4. mini-d…forgive my ignorance, but doesn’t % have exactly the same inheritance issues as em (especially considering that, if i’m not missing anything, ems are essentially the same as percentages: 0.75em = 75% etc) ?

  5. TOOLman says:

    Using em’s rather than percents may be desirable, especially if the text could span more than one line if the window is resized. If the text spans two lines, using 50% will center the icon between the lines. Usually, you’d want to align it with the top-most line.

  6. Rahul, try also setting the list-style-type to none (i.e. list-style-type : none;). It works for me. You can see a sample on my Java page: (the list of available software is done with a definition list).

  7. Anne says:

    FYI: This works too: #sitemap li li li{ /* styles */, descendent combinators are not the same as child selectors.

  8. web says:

    Can someone say disgruntled Red Sox fan. Cuz’ I can.
    It still hurts me too, swallow the pain.

  9. I’m also using nested unordered lists on my page,
    but i use css and a little script in order to make
    them into a dropdown menu thingy :D
    take a look if ya like :D

  10. Chris Neale says:

    Rahul, what dl, dt, dd effect do want to achieve ?

  11. Chris Neale says:

    display:inline on just dt and dl might be better

  12. Anonymous says:

    This article and Rahul comments reminded me of an idea I had on styling nested list to look like a folder tree. Now you can .

  13. Seamus says:

    …see it.
    Something went wrong in the post.

  14. Rahul says:

    I wanted the definition title and the definition description to display inline, so one after the other horizontally, maybe with some list-style-image between to seperate – but the point is that they should be on the same line. So far I’ve been able to remove the margins/padding so they line up vertically, but not horizontally. I tried all the combinations of display: inline on dd, dt and dl, but I guess I was missing something. And I already set list-style to none. :)

  15. Rahul,
    [displaying dt and dd inline]
    The ideal CSS2 solution would be:
    dt {display: run-in;}
    This works in Opera but not in Mozilla nor in IE (haven’t tested Safari). As a cross-browser workaround you could use:
    dt {float: left; margin-right: 0.5em;}
    … and maybe add some margin adjustments to dd as well.

  16. Rahul says:

    Ahh, float: left is what I was looking for.. great! Maybe this kind of thing is handy to document as well, since I’m sure a lot of people look for ways to format definition lists more accurately…
    Thanks, Andre. :)

  17. Victor says:

    Rahul, maybe something like the way I display the blogroll on the lower right corner of my blog?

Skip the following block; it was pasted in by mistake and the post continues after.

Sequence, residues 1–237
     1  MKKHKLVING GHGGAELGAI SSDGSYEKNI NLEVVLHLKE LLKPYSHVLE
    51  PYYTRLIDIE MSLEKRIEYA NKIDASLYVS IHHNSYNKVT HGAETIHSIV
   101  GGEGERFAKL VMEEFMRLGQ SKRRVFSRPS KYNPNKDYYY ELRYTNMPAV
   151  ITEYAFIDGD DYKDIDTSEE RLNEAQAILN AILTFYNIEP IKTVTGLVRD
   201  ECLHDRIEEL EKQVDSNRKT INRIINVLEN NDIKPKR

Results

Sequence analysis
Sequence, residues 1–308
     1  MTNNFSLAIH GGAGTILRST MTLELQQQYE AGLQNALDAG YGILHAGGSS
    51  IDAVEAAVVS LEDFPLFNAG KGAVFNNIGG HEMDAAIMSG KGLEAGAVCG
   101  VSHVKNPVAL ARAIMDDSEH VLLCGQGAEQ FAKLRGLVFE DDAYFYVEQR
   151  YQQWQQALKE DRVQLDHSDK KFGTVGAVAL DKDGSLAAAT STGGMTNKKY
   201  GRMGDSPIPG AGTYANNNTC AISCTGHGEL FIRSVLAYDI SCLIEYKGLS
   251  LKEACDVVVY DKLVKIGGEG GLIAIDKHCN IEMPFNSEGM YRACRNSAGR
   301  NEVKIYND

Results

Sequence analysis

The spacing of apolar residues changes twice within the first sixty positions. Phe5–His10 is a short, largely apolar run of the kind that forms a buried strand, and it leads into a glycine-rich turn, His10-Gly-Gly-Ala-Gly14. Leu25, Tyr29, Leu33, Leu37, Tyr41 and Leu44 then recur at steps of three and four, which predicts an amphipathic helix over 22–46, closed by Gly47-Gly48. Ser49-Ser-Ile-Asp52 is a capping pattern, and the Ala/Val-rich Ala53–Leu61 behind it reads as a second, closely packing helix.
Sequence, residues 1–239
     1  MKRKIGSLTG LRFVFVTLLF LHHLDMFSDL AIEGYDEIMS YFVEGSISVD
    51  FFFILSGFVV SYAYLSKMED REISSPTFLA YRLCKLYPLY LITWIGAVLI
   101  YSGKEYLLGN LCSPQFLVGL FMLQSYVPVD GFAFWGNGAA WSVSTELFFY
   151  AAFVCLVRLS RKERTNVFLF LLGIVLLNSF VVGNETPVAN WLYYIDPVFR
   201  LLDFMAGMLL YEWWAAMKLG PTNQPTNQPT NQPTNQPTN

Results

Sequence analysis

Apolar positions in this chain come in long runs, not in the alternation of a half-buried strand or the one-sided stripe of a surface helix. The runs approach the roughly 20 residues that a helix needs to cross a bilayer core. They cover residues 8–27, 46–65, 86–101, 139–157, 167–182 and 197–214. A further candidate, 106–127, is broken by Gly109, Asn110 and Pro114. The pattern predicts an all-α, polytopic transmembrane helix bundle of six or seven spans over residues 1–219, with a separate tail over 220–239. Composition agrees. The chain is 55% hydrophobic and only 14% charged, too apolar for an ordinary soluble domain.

18. Rahul says:

    Yes Victor, something like that… I’m sure that with the right amount of work someone could make it look more or less exactly like Windows Explorer or such, while maintaining CSS and XHTML validity. It’d be a sweet deal, because I get my ears complained off by clients that must have it look exactly the same…

  19. although i know it’s very flawed (e.g. it doesn’t resize well if you change your font size dramatically), i’d love to hear what people think of this simple thing i slapped together in a few minutes:
    tree structure, explorer style
    the next step would be to add little icons (folder, document, etc), but that would probably involve adding extra classes to each list item…

  20. hmmm…after posting this, i saw that seamus did something very similar (and more elegant). oh well, worth a try though…

  21. Rahul says:

    I imagine it’s not hard to make such a tree; my point is that it’d be nice to see a tutorial like this available for those of us who aren’t as skilled or experienced with XHTML/CSS so that we might see some XHTML lists for these applications rather than endless repetitions of <img>&nbsp;<font>text</font><br> everywhere. :)

  22. I’m working with a nested list that acts not as a sitemap but rather as a left navigation… I’ve got a box-model hack from Zeldman, but I’m still getting a weird indentation problem in IE 5.0 for Windows.
    All my other testing looks good. Any ideas what I’m doing wrong here?

  23. Rahul says:

    I don’t think you’re so much doing something wrong as overestimating IE5′s CSS rendering skills ;) Maybe that’s something worth documenting too?

  24. Danny says:

    This may be of interest – using a little script to make the lists expand/contract:

  25. Ian Lloyd says:

    Thought I might share this with you – when I was re-working the Site Map for, I also went for the nested list approach with images in CSS used to denote structure. Doesn’t *look* like a list, but it surely is …